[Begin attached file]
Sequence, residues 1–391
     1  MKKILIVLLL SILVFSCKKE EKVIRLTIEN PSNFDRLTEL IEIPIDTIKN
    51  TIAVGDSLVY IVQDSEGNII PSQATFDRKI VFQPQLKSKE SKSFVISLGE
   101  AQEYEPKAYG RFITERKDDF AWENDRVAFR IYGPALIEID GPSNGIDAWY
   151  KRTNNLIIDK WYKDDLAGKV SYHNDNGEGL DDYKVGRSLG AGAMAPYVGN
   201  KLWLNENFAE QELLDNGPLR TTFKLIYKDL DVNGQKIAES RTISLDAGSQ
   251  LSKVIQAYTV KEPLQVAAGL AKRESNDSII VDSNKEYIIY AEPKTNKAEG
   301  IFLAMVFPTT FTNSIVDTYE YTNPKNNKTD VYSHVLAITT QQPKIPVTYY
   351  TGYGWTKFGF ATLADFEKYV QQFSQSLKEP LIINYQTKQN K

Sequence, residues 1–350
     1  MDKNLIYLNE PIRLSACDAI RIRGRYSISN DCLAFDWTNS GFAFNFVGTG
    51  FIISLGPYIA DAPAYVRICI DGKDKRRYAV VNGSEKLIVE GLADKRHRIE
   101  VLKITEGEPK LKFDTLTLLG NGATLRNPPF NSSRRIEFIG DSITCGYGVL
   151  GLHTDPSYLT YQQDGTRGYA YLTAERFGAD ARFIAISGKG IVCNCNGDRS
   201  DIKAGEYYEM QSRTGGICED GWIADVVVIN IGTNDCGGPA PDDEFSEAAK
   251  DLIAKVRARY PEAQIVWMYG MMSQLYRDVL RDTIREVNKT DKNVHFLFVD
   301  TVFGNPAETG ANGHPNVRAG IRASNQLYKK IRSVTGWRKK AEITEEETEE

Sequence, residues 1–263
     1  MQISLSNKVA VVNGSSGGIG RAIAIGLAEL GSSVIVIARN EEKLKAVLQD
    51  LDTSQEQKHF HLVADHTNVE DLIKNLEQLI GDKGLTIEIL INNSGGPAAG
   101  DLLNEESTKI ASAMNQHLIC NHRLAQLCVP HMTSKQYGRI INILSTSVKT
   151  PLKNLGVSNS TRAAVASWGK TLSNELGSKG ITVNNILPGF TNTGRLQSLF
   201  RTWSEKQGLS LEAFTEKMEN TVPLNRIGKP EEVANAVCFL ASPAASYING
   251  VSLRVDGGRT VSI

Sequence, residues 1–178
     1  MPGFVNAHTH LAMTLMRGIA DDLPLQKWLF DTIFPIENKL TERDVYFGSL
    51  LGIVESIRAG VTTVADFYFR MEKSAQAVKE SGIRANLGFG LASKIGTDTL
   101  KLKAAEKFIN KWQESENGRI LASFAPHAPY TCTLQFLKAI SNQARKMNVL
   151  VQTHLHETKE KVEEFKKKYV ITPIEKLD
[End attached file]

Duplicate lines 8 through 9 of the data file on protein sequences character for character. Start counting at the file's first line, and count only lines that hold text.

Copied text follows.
   301  IFLAMVFPTT FTNSIVDTYE YTNPKNNKTD VYSHVLAITT QQPKIPVTYY
   351  TGYGWTKFGF ATLADFEKYV QQFSQSLKEP LIINYQTKQN K